Coming in from the storm: Aliyah catalysts

Recently I read an interesting blog entry by religious Zionist activist Shmuel Sackett entitled “Don’t Make Aliyah Because of a Hurricane.” Sackett argues that Jews should not move to Israel to escape troubles in the Diaspora, whether a storm-ravaged home or some other hardship. “Israel is not a homeless shelter for people whose homes flooded. . . .[b]ecause people who live in shelters always want to go back to their ‘real’ homes,” he writes. “They will always be looking back, remembering what was and wondering what could have been.” Rather, he urges, they should come here for the “right reasons”—a desire to connect with the Jewish nation and join in the fulfillment of our divine destiny.

His argument raises some interesting questions. Does it matter what moves a Jew to settle here? Should aliyah recruitment encourage aliyah for less-than-idealistic reasons (anti-Semitism in Europe, high yeshiva tuition in the States)?

Anyone with a basic understanding of human psychology knows that major life changes—leaving home, getting married, having children, choosing a career—should grow out of deliberation, not desperation. Otherwise, we make mistakes, plain and simple. We’re more likely to fail, and to be miserable. Aliyah is no exception.

Yet the courage and wherewithal needed to pack up one’s life and move to this incredibly special, slightly insane place sometimes develop after a wake-up call in the form of a triggering event. My sister, for example, made aliyah with her young family rather suddenly in 2001—less than a year after the 9/11 attacks which shattered so many people’s perceptions (especially New Yorkers like us) of the world as we knew it.

If a Jew whose home was destroyed by an act of G-d—be it Harvey or Irma or a California wildfire— starts contemplating a different future in a different place, why shouldn’t that place be Israel? It’s only natural that a major upset in one’s life should give rise to introspection. That introspection could lead some Jews to consider aliyah. The calm after the storm: a personal setback marks the genesis of a new beginning. What a beautiful idea.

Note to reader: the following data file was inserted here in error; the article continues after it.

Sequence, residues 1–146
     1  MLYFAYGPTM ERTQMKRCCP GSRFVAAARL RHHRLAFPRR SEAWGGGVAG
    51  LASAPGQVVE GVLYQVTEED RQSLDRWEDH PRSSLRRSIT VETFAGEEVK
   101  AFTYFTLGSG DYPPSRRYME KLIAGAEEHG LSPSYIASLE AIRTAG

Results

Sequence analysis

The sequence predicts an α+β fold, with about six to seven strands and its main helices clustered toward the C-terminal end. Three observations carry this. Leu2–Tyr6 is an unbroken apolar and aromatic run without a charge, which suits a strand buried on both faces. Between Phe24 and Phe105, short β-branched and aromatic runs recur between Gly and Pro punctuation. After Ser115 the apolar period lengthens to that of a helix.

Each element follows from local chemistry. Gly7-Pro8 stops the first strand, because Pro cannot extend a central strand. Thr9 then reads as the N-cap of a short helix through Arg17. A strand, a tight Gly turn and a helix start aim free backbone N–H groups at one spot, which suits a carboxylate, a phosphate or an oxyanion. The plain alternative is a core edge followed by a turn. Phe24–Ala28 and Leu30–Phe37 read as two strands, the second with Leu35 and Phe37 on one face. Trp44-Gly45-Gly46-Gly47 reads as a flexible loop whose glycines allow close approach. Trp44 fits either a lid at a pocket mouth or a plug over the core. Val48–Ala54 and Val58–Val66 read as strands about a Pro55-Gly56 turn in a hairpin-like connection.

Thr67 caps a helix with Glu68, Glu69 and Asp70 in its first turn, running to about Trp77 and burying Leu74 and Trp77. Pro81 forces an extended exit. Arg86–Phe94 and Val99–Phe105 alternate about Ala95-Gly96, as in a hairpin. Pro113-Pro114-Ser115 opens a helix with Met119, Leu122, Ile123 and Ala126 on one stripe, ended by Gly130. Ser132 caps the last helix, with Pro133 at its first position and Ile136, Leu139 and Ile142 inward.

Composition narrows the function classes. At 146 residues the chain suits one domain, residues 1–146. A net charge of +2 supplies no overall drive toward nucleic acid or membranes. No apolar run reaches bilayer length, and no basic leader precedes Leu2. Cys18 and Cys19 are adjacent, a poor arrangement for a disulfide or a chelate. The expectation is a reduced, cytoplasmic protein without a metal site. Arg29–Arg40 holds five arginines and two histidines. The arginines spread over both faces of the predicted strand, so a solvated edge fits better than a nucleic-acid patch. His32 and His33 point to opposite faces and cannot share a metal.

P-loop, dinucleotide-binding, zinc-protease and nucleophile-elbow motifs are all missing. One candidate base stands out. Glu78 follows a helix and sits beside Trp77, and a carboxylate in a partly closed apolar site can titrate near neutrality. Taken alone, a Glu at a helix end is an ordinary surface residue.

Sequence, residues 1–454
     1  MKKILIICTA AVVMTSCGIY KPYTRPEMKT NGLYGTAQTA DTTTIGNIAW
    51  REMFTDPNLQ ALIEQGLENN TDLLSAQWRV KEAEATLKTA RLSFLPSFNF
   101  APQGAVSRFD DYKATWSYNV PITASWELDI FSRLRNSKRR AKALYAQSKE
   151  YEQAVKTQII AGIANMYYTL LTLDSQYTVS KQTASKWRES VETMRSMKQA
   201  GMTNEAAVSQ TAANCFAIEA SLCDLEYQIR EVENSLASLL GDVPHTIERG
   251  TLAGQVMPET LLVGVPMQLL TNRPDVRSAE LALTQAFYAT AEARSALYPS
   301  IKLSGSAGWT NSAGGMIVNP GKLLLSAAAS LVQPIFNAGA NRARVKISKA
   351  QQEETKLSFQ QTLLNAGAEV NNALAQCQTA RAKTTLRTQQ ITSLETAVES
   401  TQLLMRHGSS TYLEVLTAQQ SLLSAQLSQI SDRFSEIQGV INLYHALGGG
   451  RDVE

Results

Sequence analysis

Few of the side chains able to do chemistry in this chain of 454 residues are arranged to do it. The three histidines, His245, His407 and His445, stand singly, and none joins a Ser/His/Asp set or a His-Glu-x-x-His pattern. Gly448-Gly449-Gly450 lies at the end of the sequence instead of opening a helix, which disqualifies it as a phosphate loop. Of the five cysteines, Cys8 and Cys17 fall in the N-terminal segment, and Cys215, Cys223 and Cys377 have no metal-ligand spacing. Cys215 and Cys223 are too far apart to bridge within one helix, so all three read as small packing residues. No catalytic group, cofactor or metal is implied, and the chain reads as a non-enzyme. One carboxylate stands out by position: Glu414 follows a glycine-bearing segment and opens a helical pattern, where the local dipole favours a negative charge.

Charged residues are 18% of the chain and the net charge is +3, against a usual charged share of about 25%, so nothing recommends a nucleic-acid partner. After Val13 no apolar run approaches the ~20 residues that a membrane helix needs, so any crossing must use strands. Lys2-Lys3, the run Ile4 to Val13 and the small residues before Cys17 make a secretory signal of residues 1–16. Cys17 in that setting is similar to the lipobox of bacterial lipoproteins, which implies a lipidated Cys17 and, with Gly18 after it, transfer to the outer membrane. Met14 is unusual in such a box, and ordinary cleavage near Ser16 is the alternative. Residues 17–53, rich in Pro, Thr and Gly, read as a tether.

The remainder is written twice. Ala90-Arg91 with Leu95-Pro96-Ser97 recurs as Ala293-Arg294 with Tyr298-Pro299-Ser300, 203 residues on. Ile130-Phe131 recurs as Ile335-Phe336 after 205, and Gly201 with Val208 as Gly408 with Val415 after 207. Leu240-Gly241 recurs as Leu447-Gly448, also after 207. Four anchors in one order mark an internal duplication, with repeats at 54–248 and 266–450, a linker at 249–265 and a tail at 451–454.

For others, however, aliyah is conceived as a solution to a problem. It’s what you might term a “cold” aliyah, based on calculated risks and benefits, lacking the spiritual passion or nationalistic fervor which inspired my family and so many thousands of olim before us.

According to Nefesh b’Nefesh, the crushing tuition costs for private Jewish education in the States is the leading factor in American aliyah. Sure, a family could move here to escape that financial burden and in the process gain a greater perspective on and appreciation of our Jewish state. After all, Judaism teaches that performing positive actions brings about inner changes, even if initially those actions are not done with altruistic motives. But a commitment to living in Israel, if it’s not there at the outset, had better develop quickly. Because inevitably it gets hot in this kitchen. The challengescan be exasperating at times, and to withstand them olim must be grounded by deeply held ideals. A relationship built on material benefits, says Ethics of Our Fathers, is primed to fail; one built on higher values will endure.

Cold aliyah is no boon to Israel either.The Land of Milk of Honey should not be milked for its freebies. Venting frustration is fine, but it’s a morale-killer to listen to the sour-tongued olim reminiscent of the Biblical spies who fill the cyber-waves with complaints.This country’s survival depends on thecommitment, faith, and dedication of itspeople. Those who want to know not (only) what Israel can do for them, but how they can participate in, and contribute to, the flourishing of our Jewish homeland.

Remember “Uncle Sam Wants You!”? Well, attention proud Jews: “Israel Wants You!” That’s the type of message aliyah outreach should convey.

About the Author
Ziona Greenwald feels grateful to be living with her husband and children in Jerusalem, where she is a freelance writer and editor. She holds a J.D. from Fordham Law School, and worked both in publishing and in the court system back in New York, when Aliyah was still a dream to be realized.
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